speak- He 1 a young man of P"lly Francisco member of the Mystic Shrine,
year and speaks English fluently, thougn conHlBt,ng of member, of islftm temple
with a slight Russian accent. At times , an(J theJp w(veg an(J daugnter8 who ere
during his address he was extremely elo- j m attendance at tn8 conclave of the order
quent and at all times deeply earnest He j )n ly)B Angeles, returned here yesterday
said In part: land were the first to arrive since the fear-
From all my heart I thank you for this , ful tratn wreck at Honda,
welcome, and It rejoices me that I am per- The trm)n wh,ch carrled the ghriners
romefh.ng of1h.t rtSml -oomed to death in the wreck left Von
tutlonal and civil liberty that my people Angeles ten minutes after the Islam temple
are irbw making and have been making spe.ial. By some unaccountable working
FVhZ nofbV0 ;f fat. the first trjiln. containing the party
groups In this last half century, and Is j that arrived yesterday passed safely, at a
finally combined together In one general j mne a minute clip, over the very spot at
cause and has st last wrenched from the 1 whloh foIlowin( tra)n wa, wrecked.
aTonSreta 8AN OBISP. - M"'
ourselves In one mighty effort for the unknown woman who wa fatally injured
liberty of 15o.00n,ono perle- H was In W6 1 th, wr,clt of the Southern Pacific Shrln-
t vVs from every quarter of our mighty l""n na-iurnay ai nonoa. was tooay
emt're assembled to do we hardly knew identified as Mrs. E. Kahler of Reading,
what ' We had no previous experience In . Pa.
legislative work and had to find a com- No more ,jea.thg havs occurred among the
mon ground upon which to make our fight ... .
for freedom We had to contend with the injured ner.
traditions of centuries In that the Russian SANTA BARBARA, Cal., May 18. The
people had never known how to frame, an j funeral train to carry the bodies of the
answer to a crown speech , We were there ( v1ctmB of the Honda wreck to their former
weVnt Wmm 'worr'ande ! home, in the east will leave Banta Barbara
days in the house, and then presented our ' a roon as the lnqtfst is finished this after
answer to the crown. Our address was not ;'noon- ;
exactly concllUtory. but our demands were j Be( jno and wtern Ehrlner. ai)
to tthlnk of!7" thalr friend, will leave her. thi. afternoon
Many of Beat People in Prison. j on a special train, one coach of which will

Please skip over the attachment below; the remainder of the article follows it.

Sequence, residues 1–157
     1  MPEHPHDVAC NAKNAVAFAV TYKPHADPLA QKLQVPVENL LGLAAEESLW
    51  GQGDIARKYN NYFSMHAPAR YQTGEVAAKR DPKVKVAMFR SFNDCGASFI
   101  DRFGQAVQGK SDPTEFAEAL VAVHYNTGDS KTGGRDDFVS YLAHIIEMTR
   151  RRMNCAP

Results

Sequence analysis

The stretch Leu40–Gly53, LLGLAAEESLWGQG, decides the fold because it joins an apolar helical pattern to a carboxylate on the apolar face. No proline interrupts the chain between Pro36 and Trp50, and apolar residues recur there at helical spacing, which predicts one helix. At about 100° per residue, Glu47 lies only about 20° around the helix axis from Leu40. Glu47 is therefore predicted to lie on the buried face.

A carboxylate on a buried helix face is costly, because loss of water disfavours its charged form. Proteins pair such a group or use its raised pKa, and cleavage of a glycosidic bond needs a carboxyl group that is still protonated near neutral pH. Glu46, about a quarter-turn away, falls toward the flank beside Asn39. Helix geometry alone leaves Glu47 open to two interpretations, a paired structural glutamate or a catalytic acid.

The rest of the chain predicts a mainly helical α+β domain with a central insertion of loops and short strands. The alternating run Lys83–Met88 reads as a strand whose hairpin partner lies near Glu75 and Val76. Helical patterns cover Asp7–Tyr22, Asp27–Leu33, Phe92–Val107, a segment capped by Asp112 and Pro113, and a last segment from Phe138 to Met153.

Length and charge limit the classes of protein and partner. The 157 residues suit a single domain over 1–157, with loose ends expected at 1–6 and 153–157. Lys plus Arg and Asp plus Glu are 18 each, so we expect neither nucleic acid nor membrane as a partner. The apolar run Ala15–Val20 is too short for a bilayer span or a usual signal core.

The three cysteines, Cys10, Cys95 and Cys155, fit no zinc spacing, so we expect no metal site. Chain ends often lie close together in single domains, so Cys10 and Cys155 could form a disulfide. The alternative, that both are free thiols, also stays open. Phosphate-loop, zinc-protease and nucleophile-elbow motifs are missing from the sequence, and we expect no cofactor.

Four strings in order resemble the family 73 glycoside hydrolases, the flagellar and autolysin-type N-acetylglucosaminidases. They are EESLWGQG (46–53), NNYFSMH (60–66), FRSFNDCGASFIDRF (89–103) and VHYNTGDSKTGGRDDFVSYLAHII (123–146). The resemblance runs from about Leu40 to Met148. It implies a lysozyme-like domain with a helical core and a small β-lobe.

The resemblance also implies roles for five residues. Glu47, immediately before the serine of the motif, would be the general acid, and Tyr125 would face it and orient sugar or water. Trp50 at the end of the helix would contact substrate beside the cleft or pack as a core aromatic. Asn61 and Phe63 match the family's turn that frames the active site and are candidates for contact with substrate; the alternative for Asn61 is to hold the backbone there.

The condition throughout Russia were be fitted up a a funeral car and will carry
not unlike those that prevailed at the close ; the bodies of twenty-one desd. The train
of your civil war. But with you 1 It was wl, procfe(j over th9 northern route via
a spirit of conciliation. Some of the best iv.(, a r.. t ,. ohlano tha
and brightest of our peop'. who had been , Ban Francisco. At Ban Luis Obispo in
laboring in this cause for years, were in eleven bodies there will be taken on board
Siberia 80,000 men and women had bei-n ' Bnd tne shrlners who are In that cltv and
torn from their homes in the dead of nig tit ;. b, f , , , ls0 g0 ea8t thlB
rneoVhern n."' somt 8S.i I train. The total dead I. th.rty-two.
nriaon. merely because they sought libera- I
tlon for their fellowmen. The prisons were
crowded and the best of our people wer
rusting somewhere in Siberia or prison.
Freedom of conscience, speech and press
were denied us. We said to the autocracy,
If vou "&o not rive us what we aak, w.
will take It." We objected to martial law j
in time of peace. There were two kind.
of court-martial mercenary and drum
head. It mattered but little by which one
you were tried, for you would be shot
tt, TC.nnltlnn nf mir neonle. our neas-
antry. Is beyond your comprehension. The
great mass of the Russian people eat meat
but about five times a year, and bread is
not always cn th etables of our farmers.
Every five years Russia is beset by famine,
We expect to lose L5o0,lX of our people
within the year by starvation. There Is
no help for It. Privation and poverty and
starvation compels in a great many in-
stances the sal of 16 and 17-year-old girls
by their parents Oh yes: there are men
In Russia who bu. these girls. With the
poverty and self-denial of year and gen-
poverty and self-denial of years snd gen-
eratlons. with the recurrence of famine
every live years, it ta almost impossible
for our peasant people to accumulate anv-
thing. The ta. tax. tax consumes all the
surplus. 80. with the most rigid economy.
and It cannot be more so than it is now, it
will take from ten to forty years for the
averaire peasant Russian to accumulate
Damn Come to Stay.
Who hs the state? The peasantry, which
comprises feu per cent of the population of
Rufcsla, is the state. We pay the crown a
sa.ary of fci,u0u,uu per year. That la quite
enough. There is but one way to meet an